Clearly, plan funding suspensions can be a convenient and relatively simple way to slash corporate expenses. To avoid the abuse of the rules permitting contribution suspensions without triggering a plan forfeiture, the IRS has established a rule that a sponsor cannot suspend contributions for more than three out of five years without the suspensions being treated as a permanent discontinuance of contributions.
The Pandemic and Plan Contributions
At the onset of pandemic, it initially appeared that the number of plan contribution suspensions would be significant. Early, after the onset of the pandemic, several large companies announced the suspension of their plan funding including Best Buy, Marriott, Kelly Services and Amtrack, among others. In fact, initial surveys from Willis Towers Watson and Plan Sponsor Council of America indicated that from 12%-20% of larger companies had suspended their employer contributions (with retail and business services having a higher rate of suspension). As a comparison, Willis Towers Watson data showed that almost 20% of companies with at least 1,000 employees had suspended or decreased their plan contributions during the Great Recession.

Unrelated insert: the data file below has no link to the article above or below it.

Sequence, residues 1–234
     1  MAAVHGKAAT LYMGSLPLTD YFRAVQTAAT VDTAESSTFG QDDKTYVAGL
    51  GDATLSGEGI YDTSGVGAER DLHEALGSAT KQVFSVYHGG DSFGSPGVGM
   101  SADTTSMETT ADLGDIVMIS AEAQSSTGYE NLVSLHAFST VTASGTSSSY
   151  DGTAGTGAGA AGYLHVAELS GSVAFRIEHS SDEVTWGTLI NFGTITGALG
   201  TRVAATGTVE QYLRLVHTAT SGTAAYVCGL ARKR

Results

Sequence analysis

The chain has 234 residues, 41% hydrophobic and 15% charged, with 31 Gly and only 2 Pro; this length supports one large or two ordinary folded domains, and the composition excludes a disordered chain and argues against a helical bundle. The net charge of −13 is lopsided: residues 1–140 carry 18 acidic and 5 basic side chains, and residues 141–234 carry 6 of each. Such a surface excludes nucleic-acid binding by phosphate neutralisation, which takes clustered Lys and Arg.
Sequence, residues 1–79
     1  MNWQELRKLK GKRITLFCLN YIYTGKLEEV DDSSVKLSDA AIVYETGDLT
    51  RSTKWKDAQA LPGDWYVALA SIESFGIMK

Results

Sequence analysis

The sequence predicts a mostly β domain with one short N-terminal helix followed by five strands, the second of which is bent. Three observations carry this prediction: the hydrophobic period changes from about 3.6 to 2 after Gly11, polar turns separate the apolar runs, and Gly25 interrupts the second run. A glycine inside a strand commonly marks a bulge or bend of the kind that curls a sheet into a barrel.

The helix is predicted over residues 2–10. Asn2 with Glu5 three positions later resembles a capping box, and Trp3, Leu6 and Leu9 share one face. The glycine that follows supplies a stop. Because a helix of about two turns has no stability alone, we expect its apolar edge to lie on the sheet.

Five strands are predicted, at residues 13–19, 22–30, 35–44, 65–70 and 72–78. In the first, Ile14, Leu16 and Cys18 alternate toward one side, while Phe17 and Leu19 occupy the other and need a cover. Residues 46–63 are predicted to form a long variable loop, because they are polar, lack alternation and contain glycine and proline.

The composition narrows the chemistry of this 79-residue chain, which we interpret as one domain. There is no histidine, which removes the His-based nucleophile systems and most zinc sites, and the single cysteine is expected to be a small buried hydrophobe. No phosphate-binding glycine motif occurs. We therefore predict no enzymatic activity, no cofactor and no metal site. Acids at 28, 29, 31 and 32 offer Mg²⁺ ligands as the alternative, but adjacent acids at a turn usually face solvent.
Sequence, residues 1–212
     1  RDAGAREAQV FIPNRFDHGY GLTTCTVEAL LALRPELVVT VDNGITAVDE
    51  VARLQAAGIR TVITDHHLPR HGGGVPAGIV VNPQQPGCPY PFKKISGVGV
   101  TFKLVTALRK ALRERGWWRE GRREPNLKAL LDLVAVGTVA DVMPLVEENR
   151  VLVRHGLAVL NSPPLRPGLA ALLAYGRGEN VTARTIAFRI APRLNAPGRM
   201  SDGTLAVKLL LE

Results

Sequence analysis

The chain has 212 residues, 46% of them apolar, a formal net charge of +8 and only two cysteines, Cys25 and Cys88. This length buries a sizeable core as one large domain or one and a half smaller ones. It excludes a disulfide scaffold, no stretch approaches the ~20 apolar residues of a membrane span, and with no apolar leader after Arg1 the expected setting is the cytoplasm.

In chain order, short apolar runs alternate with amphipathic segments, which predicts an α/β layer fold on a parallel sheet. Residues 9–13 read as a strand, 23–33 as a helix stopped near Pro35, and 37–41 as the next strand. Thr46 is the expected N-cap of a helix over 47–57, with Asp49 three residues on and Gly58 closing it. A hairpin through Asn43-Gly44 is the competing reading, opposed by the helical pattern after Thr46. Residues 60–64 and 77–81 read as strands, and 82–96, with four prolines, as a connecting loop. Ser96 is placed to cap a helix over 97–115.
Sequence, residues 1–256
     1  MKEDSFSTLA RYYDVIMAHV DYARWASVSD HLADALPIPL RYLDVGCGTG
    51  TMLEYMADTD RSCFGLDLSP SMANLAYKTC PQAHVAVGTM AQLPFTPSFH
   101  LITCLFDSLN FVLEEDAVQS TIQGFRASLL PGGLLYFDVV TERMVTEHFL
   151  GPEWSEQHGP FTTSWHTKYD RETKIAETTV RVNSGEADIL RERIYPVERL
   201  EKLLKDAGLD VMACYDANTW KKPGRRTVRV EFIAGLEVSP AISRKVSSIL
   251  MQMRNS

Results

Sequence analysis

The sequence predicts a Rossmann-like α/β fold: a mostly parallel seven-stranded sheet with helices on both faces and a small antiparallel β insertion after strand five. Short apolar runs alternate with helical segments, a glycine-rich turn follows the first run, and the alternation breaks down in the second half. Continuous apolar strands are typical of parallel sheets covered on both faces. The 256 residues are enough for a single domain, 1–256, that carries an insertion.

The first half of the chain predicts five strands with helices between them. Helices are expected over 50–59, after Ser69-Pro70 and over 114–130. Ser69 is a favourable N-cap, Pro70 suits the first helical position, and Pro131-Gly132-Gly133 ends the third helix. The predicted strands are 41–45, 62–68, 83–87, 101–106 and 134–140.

But today, almost a year after we began to hear the words Coronavirus, the latest data from the Center for Retirement Research suggests that approximately 1% of plan sponsors with more than 100 participants are currently operating their plan with a suspended plan match. The data suggests that organizations outside of travel and hospitality and those not as directly affected by the pandemic did not experience the same financial pressures, and did not need to suspend their plan contributions. Furthermore, some organization that had initially suspended plan funding out of fear for the uncertainty caused by the pandemic, have grown more comfortable enough to reinstate plan contributions.
Estimates are higher from those in the financial services industry that directly service qualified retirement plans. Numbers from T. Rowe Price show that approximately 9% of large plan sponsors suspended or reduced plan matching and Ascensus stated that 21% of their plan clients froze contributions. In contrast, among Vanguard’s plan clients, only 7% of companies had suspended their matches, and in November the Plan Sponsor Council of America (PSCA) found only 5% of firms reported suspending their match, noting that many companies who froze plan contributions have since reinstated them. In any case, based on the industry numbers, it seems reasonable to say that between 5% and 20% of plan sponsors have suspended their plan contributions.
Employer plan contributions to qualified retirement plans are a powerful tool for retaining existing employees and attracting new talent. The COVID-19 pandemic presents employers with many formidable challenges, among them the need to cut costs to remain competitive. Not only should plan sponsors strongly consider the workforce impact of the plan contribution suspensions, but also should make an informed decision based on the ERISA rules governing the decision relating to employee notices and other formal requirements.